Indigenous Peoples and Protected Areas

Posted: April 18, 2016

Exploring the ethics surrounding indigenous peoples’ rights to access and manage natural resources while we are in the classroom can often seem opaque – a distant somewhat foggy objective that is hard to fully grasp and envision. This is true especially for many of us who are not members of these groups whose cultural, social and environmental traditions and livelihoods are deeply entwined with the place of their peoples. This topic can be further difficult to comprehend when considering the potential conflicts and tradeoffs with conservation objectives. When the students from the SFS Center for Mekong Studies visit Cat Tien National Park in Southern Vietnam they are given the opportunity to learn about this important topic. Not only in the classroom, but also through field trips that take them to meet and hear directly from the members of the Chau Ma peoples. Through these field studies students can gain clarity and a deeper understanding of what indigenous rights are, how they are expressed and what it means to individuals to have these rights either realized or denied. Students are able to also meet with park rangers and managers to understand resource use policies and consider conservation approaches that have the potential to affect the deep connections and practices of indigenous peoples.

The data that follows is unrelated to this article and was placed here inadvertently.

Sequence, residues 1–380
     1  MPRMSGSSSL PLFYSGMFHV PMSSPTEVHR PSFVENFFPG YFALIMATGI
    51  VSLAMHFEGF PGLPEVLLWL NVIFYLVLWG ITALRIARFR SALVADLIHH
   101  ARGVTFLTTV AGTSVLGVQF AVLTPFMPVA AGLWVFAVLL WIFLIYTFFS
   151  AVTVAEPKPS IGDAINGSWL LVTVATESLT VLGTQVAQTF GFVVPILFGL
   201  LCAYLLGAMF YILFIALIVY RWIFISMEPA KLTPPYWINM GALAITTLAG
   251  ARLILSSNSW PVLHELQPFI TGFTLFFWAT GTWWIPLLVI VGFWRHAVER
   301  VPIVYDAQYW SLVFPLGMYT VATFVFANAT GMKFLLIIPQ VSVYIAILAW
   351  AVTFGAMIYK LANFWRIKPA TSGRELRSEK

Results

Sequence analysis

Students are given an assignment where they explore the opportunities and limitations of ‘rights based approaches’ to conservation and how the application of environmental justice principles – such as consultation and public participation; inter-generational equity; free, prior and informed consent; equitable access to sustainable development – and traditional knowledge may inform conservation policies.

One of the unique and valuable aspects of our program is the opportunity offered through field studies to consider alternative approaches to environmental challenges. Understanding traditional peoples’ hopes to integrate sustainable use of resources into policies in ways that continue to achieve conservation objectives but provide the ability to maintain traditional knowledge and practices, has been enlightening and has broadened the lens through which we may address environmental management.

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